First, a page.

Keep showers to less than ten minutes and use luke-warm water to protect the skins outer barrier. Also, consider getting rid of your traditional soap or shower gel and instead opt for a medicated soap-free face wash and body wash with added moisturisers. 

Grab a Moisturiser (or Two)

Possibly the most obvious step for avoiding dry winter skin is the regular use of a moisturiser. 

Effective moisturisers act by artificially creating a waterproof layer on your skin so that moisture levels can begin to increase.

Not all are moisturisers are created equal, however, and some ingredients such as lanolin may cause irritation on cracked, dry skin. Experiment with the different options until you find one that works for you, and be sure to apply it regularly. Morning and evening, plus after any bathing session, is a good start.

Note that studies have shown the natural oil content of skin varies not just by season but also by part of the body. Your face, for example, is particularly likely to suffer over the winter months, while arms and legs may fare rather better. Subsequently, some people find that a specific moisturiser works well on one part of the body but not another. This is perfectly natural, and you shouldn’t be afraid to use multiple moisturisers when beneficial.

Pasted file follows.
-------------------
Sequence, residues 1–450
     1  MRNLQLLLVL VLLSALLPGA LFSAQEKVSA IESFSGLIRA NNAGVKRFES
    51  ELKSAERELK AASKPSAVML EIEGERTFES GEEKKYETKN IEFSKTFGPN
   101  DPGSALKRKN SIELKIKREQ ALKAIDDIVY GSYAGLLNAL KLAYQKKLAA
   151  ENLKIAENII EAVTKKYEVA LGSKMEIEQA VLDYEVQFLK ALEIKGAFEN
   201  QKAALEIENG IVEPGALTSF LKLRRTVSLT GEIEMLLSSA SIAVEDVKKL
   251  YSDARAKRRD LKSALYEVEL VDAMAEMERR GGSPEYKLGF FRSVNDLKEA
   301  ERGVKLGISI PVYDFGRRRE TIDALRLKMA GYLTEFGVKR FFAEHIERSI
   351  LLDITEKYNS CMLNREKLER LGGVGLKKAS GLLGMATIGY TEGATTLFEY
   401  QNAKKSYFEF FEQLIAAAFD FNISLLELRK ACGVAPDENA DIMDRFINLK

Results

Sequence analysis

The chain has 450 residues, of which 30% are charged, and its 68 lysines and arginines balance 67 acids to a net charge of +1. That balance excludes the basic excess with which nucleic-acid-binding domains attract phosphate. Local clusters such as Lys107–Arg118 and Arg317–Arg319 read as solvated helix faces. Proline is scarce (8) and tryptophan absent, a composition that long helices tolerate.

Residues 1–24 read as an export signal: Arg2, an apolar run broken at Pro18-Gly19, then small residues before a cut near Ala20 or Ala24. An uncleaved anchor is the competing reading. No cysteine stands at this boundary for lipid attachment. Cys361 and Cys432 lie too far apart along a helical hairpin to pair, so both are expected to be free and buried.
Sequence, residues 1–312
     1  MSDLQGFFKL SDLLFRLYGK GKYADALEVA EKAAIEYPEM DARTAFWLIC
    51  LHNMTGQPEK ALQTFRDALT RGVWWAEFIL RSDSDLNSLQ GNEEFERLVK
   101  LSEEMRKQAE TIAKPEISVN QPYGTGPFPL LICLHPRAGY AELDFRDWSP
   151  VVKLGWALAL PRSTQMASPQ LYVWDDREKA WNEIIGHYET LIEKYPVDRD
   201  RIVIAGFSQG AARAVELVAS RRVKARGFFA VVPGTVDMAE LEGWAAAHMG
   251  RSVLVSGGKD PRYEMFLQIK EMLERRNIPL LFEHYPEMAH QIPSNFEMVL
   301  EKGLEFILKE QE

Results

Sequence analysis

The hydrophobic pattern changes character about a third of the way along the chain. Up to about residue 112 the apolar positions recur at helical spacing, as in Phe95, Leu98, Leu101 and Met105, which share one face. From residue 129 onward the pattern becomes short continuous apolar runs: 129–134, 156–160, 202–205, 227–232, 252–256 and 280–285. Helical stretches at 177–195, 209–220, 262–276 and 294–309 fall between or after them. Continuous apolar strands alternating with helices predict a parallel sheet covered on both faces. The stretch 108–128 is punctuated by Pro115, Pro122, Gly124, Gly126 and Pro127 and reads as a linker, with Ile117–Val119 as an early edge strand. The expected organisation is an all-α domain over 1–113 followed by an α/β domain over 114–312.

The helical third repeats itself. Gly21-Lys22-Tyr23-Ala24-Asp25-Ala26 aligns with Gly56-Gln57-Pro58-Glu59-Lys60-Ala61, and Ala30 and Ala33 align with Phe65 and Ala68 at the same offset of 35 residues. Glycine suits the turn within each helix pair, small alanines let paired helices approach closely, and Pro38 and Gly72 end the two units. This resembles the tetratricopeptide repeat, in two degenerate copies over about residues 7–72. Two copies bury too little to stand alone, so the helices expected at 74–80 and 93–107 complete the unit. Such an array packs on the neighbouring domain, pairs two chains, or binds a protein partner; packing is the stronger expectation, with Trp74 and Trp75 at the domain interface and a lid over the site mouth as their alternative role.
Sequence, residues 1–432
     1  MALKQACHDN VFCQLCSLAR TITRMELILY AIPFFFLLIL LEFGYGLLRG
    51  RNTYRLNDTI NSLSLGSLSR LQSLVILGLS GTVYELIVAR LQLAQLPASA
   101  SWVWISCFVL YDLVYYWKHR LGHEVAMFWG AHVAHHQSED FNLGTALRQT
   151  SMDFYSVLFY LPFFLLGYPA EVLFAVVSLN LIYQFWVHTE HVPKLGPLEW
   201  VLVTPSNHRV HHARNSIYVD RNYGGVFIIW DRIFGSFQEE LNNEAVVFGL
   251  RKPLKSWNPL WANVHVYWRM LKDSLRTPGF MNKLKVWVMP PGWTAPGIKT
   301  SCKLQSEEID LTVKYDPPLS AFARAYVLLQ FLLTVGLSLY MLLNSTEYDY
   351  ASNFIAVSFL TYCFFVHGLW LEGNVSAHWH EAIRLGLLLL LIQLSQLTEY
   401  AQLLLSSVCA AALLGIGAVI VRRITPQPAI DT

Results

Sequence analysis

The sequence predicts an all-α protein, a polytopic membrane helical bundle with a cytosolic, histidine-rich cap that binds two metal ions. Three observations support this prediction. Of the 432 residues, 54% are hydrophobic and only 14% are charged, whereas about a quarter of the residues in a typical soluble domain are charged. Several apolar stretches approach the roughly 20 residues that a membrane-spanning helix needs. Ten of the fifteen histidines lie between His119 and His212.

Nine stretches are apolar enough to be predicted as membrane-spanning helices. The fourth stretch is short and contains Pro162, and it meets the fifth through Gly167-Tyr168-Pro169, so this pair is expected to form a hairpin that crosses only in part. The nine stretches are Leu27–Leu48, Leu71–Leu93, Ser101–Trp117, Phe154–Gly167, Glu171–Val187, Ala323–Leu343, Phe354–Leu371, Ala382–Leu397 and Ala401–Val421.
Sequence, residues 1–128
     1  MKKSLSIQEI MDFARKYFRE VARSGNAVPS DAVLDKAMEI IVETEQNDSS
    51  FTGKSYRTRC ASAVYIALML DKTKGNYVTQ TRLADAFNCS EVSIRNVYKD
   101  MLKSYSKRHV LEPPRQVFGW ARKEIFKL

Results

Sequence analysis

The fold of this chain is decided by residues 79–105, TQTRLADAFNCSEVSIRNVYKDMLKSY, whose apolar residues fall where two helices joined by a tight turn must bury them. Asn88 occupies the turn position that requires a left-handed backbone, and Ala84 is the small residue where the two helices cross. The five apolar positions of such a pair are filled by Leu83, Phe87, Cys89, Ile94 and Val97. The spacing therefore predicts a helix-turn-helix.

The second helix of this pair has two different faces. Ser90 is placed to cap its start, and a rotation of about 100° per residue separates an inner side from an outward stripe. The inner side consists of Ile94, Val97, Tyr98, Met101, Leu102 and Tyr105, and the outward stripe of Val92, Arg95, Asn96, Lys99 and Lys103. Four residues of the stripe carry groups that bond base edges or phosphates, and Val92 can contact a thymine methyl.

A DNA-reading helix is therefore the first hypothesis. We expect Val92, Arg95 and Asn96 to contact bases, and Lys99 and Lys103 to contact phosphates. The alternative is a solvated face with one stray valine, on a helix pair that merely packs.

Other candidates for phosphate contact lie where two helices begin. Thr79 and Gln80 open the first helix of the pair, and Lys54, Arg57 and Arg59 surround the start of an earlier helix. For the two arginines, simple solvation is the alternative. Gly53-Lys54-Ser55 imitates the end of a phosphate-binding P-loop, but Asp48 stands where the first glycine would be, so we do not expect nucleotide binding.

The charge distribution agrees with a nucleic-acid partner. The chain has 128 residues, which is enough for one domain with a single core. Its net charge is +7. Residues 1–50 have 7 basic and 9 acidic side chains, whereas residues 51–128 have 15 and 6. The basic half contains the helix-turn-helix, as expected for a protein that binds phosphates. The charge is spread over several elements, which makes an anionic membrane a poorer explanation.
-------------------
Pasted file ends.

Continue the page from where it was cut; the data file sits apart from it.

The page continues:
Wrap Up Warm

Dermatologists have found that skin exposed to the most severe weather tends to suffer the most from dryness, itchiness and general soreness. Consequently it makes sense to avoid direct contact with winter air whenever possible. 

As the mercury starts to fall, so it is wise to dig out that pair of gloves, your winter hat and scarf. Wrap yourself up well before heading out and you’ll retain as much moisture as possible.